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THWACK!!

Detroit Pistons defensive wizard Tayshaun Prince, all 215 pounds of him, smashed into an immovable, 7-foot-3, 260-pound object named Zydrunas Ilgauskas. The Cleveland Cavaliers big man planted himself adjacent to Prince with the explicit purpose of preventing him from tracking a precocious 21-year-old LeBron James.

Splat!!

This time the culprit was the springy Anderson Varejao, a 6-foot-10 landmine designed to knock off the lanky Prince and free James, who was navigating his maiden postseason voyage in the 2006 Eastern Conference semifinals.

Prince was a long-armed forward with a 7-foot-2 wingspan who gained notoriety when he chased down and blocked a seemingly uncontested layup by Reggie Miller that would have sealed Game 2 of the 2004 Eastern Conference finals. Additional plaudits were heaped on after he guarded Kobe Bryant that June in the Finals and helped lead Detroit to a championship.

Two years later, after James overwhelmed the Washington Wizards in the first round by averaging 35.7 points, Prince shadowed James from end line to end line, relinquishing perimeter looks to stymie drives to the basket. The strategy was a sound one, as James shot just 27.6% from behind the 3-point line in the series.

“At that time, LeBron wasn’t a great shooter, so we could lay off him a bit,” Prince says. “But they ran so many pick-and-rolls to get him open, it became a tough task to stay in front of him. I was giving up 40 pounds and getting pounded on screens from Ilgauskas and Varejao every time down the floor.”

James’ attacks into the paint required constant communication with a Pistons defense anchored by Rasheed Wallace and Ben Wallace (no relation) — the back line needed to stay alert so those players could sag and clog the middle to force James to give up the ball. It was an exhausting assignment.

“I played the most minutes of anyone on our team because LeBron was playing dang near most of the game,” says Prince, who logged 43.2 minutes per night. James averaged 45.9 minutes.

The Cavaliers fell behind 2-0, but James, who averaged 26.6 points, 8.6 rebounds and 6.0 assists, willed his team back into contention, leading Cleveland to three wins and a Game 7. The veteran Pistons, including Chauncey Billups and Richard Hamilton, chided themselves for taking their foot off the accelerator.

“When they took those three games, were there some emotions in our locker room? For sure,” Prince says. “But was there doubt? None.

“We just said to each other, ‘OK, this 21-year-old kid is carrying his team. Why not just double the guy and live with what everyone else does?’ So we made that adjustment.”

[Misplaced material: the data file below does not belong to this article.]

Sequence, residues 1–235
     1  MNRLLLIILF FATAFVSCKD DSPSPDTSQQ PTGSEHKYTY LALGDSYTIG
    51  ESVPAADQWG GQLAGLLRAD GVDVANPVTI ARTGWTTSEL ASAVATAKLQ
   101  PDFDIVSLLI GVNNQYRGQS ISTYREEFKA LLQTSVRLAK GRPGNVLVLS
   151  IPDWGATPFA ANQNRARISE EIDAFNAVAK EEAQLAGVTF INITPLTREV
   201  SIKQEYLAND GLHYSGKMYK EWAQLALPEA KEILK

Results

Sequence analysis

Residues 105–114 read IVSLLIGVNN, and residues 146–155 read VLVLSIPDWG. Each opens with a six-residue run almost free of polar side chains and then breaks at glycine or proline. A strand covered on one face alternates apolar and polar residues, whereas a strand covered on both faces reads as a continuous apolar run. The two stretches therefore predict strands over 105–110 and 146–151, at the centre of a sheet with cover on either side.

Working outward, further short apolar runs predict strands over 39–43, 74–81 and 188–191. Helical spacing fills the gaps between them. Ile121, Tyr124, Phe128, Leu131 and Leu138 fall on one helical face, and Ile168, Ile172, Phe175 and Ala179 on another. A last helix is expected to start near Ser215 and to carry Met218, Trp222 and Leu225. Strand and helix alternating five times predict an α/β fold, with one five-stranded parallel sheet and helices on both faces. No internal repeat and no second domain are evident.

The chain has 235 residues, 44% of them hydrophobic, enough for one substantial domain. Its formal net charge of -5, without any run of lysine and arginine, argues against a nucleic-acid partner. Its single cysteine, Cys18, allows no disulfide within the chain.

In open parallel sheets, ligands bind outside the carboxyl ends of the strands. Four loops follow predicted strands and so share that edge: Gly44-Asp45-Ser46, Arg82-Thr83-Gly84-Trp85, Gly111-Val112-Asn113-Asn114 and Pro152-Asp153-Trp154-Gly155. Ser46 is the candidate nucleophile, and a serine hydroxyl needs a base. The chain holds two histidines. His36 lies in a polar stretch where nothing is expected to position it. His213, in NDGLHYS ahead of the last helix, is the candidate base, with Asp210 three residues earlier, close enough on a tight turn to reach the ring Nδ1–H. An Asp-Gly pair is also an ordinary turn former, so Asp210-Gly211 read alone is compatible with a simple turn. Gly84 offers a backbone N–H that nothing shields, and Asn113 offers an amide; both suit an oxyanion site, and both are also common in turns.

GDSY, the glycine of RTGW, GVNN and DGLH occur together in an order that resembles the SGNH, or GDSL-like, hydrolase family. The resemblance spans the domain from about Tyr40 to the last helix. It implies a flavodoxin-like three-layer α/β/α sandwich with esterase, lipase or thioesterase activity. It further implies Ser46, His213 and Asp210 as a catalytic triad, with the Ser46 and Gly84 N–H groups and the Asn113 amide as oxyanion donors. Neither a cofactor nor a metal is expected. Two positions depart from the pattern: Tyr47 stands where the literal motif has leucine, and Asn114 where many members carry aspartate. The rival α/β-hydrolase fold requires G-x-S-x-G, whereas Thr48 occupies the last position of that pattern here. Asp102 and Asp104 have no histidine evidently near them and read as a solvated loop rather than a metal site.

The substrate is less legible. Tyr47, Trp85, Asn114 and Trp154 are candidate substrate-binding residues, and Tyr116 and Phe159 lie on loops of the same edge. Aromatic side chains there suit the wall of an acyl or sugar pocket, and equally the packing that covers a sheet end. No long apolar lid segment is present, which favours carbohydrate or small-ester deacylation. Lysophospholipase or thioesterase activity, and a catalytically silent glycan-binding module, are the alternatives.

In doing so, the Pistons became the first of only six teams to eliminate James from the postseason. In 13 career playoff appearances, James has advanced to the Finals eight consecutive times and collected three Larry O’Brien trophies.

No wonder as his current team, the Los Angeles Lakers, skidded through the early part of the playoff bubble, oddsmakers blissfully ignored their flaws. A Game 1 playoff loss in the first round to the undermanned Portland Trail Blazers didn’t sway bettors, nor did a Game 1 loss to the Houston Rockets in the second round. The L.A. team draped in purple and gold remained one of the favorites to win it all based on one factor: LeBron James.

No other player has statistically dominated the postseason the way the Lakers’ supernova has. James ranks first all time in playoff games played, minutes, points, steals, field goals and free throws, and ranks in the top five in assists and 3-pointers. He has accumulated the most playoff win shares in NBA history, per Elias Sports Bureau, with 51.1. The man whose legacy he continues to chase, Michael Jordan, is second with 39.8.

As the four-time MVP presses for another title, those who ousted James — the San Antonio Spurs, Boston Celtics, Orlando Magic, Dallas Mavericks and Golden State Warriors among them — reveal how their teams did it, and how the maturation of James has rendered some of their tactics moot.

“LeBron’s biggest evolution is now he’s able to think multiple plays ahead,” former Spurs defensive ace Bruce Bowen says. “The IQ is incredible, not just because he knows out-of-bounds sets, but because he’s learned to get guys the ball exactly where they need it. That growth has to do with leadership — and greatness.”


IT TOOK JAMES only one season to exact his revenge on the Pistons. In the 2007 Eastern Conference finals, he torched Detroit’s vaunted defense for 48 points in a double-overtime Game 5 win, remaining one step ahead of the double-teams and repeatedly setting up Daniel “Boobie” Gibson, who scored 31 in the clinching Game 6 victory for the Cavs.

“The one thing about LeBron — and it’s the reason we lost the next time around — was you could never give a guy like that the same looks year to year,” Prince says. “The guy studied on film what we did to him and was ready for it.

“I always told people, ‘If LeBron scores 40 but you keep him to around five assists or so, you can win,'” Prince says. “But if he has 28 and 12 assists — if you let him dissect the game — you don’t have a chance.”

The Spurs, the Cavs’ opponent in the 2007 Finals, understood that. They unleashed Bowen on James with help from a trio of future Hall of Famers: Tim Duncan, Manu Ginobili and Tony Parker.

“Back then, LeBron was always trying to get to the hole,” says Robert Horry, a 2007 Spurs alum. “He wanted to dunk on you.

“He didn’t understand the pick-and-roll that well, and he didn’t have the patience of a veteran player. To be honest, he was kind of predictable. Every time they’d try to run the pick-and-roll, we’d put our feet in the paint and dare him to drive, and blow the whole play up.”

James wilted under the unwavering pressure of the Spurs’ defense, shooting 4-of-20 on his 3s and 35.6% overall from the field.